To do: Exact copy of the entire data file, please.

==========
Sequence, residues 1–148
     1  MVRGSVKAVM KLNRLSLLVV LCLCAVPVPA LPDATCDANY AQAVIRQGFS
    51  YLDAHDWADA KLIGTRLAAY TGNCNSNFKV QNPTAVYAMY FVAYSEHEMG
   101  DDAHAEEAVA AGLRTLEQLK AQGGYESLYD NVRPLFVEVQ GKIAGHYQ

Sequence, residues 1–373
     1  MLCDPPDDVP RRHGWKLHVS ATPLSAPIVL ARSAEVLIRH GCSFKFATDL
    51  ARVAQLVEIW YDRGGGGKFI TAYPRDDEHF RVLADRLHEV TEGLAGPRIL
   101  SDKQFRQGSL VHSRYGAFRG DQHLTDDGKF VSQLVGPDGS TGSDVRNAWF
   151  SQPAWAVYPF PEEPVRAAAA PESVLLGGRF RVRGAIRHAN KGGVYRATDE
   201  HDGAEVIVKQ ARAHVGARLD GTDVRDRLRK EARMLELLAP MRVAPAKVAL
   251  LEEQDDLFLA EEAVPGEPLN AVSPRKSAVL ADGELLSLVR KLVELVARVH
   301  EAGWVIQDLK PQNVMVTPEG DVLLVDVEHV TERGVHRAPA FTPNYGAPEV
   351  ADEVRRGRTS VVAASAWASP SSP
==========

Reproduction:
Sequence, residues 1–148
     1  MVRGSVKAVM KLNRLSLLVV LCLCAVPVPA LPDATCDANY AQAVIRQGFS
    51  YLDAHDWADA KLIGTRLAAY TGNCNSNFKV QNPTAVYAMY FVAYSEHEMG
   101  DDAHAEEAVA AGLRTLEQLK AQGGYESLYD NVRPLFVEVQ GKIAGHYQ

Sequence, residues 1–373
     1  MLCDPPDDVP RRHGWKLHVS ATPLSAPIVL ARSAEVLIRH GCSFKFATDL
    51  ARVAQLVEIW YDRGGGGKFI TAYPRDDEHF RVLADRLHEV TEGLAGPRIL
   101  SDKQFRQGSL VHSRYGAFRG DQHLTDDGKF VSQLVGPDGS TGSDVRNAWF
   151  SQPAWAVYPF PEEPVRAAAA PESVLLGGRF RVRGAIRHAN KGGVYRATDE
   201  HDGAEVIVKQ ARAHVGARLD GTDVRDRLRK EARMLELLAP MRVAPAKVAL
   251  LEEQDDLFLA EEAVPGEPLN AVSPRKSAVL ADGELLSLVR KLVELVARVH
   301  EAGWVIQDLK PQNVMVTPEG DVLLVDVEHV TERGVHRAPA FTPNYGAPEV
   351  ADEVRRGRTS VVAASAWASP SSP